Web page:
To refinance costlier debt, Ayala to reenter offshore bond market
Conglomerate Ayala Corp. is returning to the offshore bond market for the first time since the start of the COVID-19 pandemic, while also offering to redeem as much as $800 million worth of older and costlier perpetual bonds to take advantage of the slowdown in interest rates since last year.
The country’s oldest business house disclosed to the Philippine Stock Exchange on Wednesday that it had mandated BPI Capital Corp., Citigroup Global Markets Singapore Pte. Ltd., Credit Suisse (Singapore) Limited, J.P. Morgan (S.E.A.) Limited, Mizuho Securities (Singapore) Pte. Ltd. and UBS AG Singapore branch as joint lead managers and joint bookrunners to arrange a series of fixed income investor calls.
This is in line with a planned offering, albeit subject to market conditions, of a “Regulation S” US-denominated senior fixed-for-life (non-deferrable) perpetual notes by wholly owned subsidiary AYC Finance Ltd.
Regulation S securities refer to bonds or stocks that may not be offered, sold or delivered within the US.
The last time that AYC Finance tapped the offshore bond market was in October 2019, when it raised $400 million from an issuance of perpetual bonds that carried a fixed-for-life coupon rate of 4.85 percent a year, the lowest-yielding fixed-for-life perpetual securities carved out of Southeast Asia at that time.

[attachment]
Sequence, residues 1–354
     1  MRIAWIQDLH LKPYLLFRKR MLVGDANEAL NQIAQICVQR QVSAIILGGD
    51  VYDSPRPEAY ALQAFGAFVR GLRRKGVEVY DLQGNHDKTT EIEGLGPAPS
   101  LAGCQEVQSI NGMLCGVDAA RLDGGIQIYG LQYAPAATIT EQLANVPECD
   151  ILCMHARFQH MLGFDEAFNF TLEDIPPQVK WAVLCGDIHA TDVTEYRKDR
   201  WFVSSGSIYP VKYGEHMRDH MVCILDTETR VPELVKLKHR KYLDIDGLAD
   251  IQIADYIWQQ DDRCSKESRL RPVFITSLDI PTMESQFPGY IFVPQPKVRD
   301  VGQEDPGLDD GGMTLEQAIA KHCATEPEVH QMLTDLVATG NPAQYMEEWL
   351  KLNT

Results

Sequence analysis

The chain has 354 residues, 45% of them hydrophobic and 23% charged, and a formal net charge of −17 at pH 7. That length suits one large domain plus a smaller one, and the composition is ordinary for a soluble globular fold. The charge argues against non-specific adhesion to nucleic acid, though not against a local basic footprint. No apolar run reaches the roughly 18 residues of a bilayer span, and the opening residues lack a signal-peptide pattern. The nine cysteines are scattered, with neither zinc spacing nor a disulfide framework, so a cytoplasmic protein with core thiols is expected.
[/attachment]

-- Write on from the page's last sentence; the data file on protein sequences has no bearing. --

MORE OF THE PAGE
Since the COVID-19 turned into a global crisis in 2020, however, global interest rates have further declined to record lows as major central banks eased monetary settings to curb economic fallout from the pandemic.
AYC Finance’s borrowings are unconditionally and irrevocably guaranteed by the parent firm, Ayala.
Meanwhile, Ayala also announced a tender offer for those $400 million perpetual bonds issued in 2019 as well as the $400-million 5.125-percent senior fixed-for-life perpetual notes issued in 2017. These bonds carried no step-up or resetting deal.
The offer will expire on September 24 at 4:00 p.m., London time.
Ayala disclosed that proceeds from the new notes issuance would refinance outstanding offshore debt, including those that will be bought back as part of the tender offer.
“The notes issuance and the tender offer are part of AC’s active liability management exercise that aims to take advantage of capital markets opportunities if and when they arise,” it said.
As companies conserve liquidity during the prolonged pandemic, many are refinancing costlier debt while interest rates are at record lows.
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